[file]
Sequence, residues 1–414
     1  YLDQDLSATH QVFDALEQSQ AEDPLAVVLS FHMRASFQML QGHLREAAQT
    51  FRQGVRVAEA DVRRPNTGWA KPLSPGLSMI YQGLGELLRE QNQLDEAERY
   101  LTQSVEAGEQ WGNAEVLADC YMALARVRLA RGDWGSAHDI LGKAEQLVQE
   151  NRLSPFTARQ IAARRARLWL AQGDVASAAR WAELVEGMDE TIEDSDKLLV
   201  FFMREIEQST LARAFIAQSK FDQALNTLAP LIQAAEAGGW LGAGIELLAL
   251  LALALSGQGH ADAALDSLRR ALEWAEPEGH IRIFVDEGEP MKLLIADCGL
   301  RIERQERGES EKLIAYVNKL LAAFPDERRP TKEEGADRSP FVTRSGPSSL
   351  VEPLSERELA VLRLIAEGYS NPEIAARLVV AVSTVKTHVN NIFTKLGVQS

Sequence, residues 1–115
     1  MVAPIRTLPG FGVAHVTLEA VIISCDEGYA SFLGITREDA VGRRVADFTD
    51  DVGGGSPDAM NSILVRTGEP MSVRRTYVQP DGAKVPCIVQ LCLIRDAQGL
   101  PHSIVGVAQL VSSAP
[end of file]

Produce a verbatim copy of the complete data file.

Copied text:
Sequence, residues 1–414
     1  YLDQDLSATH QVFDALEQSQ AEDPLAVVLS FHMRASFQML QGHLREAAQT
    51  FRQGVRVAEA DVRRPNTGWA KPLSPGLSMI YQGLGELLRE QNQLDEAERY
   101  LTQSVEAGEQ WGNAEVLADC YMALARVRLA RGDWGSAHDI LGKAEQLVQE
   151  NRLSPFTARQ IAARRARLWL AQGDVASAAR WAELVEGMDE TIEDSDKLLV
   201  FFMREIEQST LARAFIAQSK FDQALNTLAP LIQAAEAGGW LGAGIELLAL
   251  LALALSGQGH ADAALDSLRR ALEWAEPEGH IRIFVDEGEP MKLLIADCGL
   301  RIERQERGES EKLIAYVNKL LAAFPDERRP TKEEGADRSP FVTRSGPSSL
   351  VEPLSERELA VLRLIAEGYS NPEIAARLVV AVSTVKTHVN NIFTKLGVQS

Sequence, residues 1–115
     1  MVAPIRTLPG FGVAHVTLEA VIISCDEGYA SFLGITREDA VGRRVADFTD
    51  DVGGGSPDAM NSILVRTGEP MSVRRTYVQP DGAKVPCIVQ LCLIRDAQGL
   101  PHSIVGVAQL VSSAP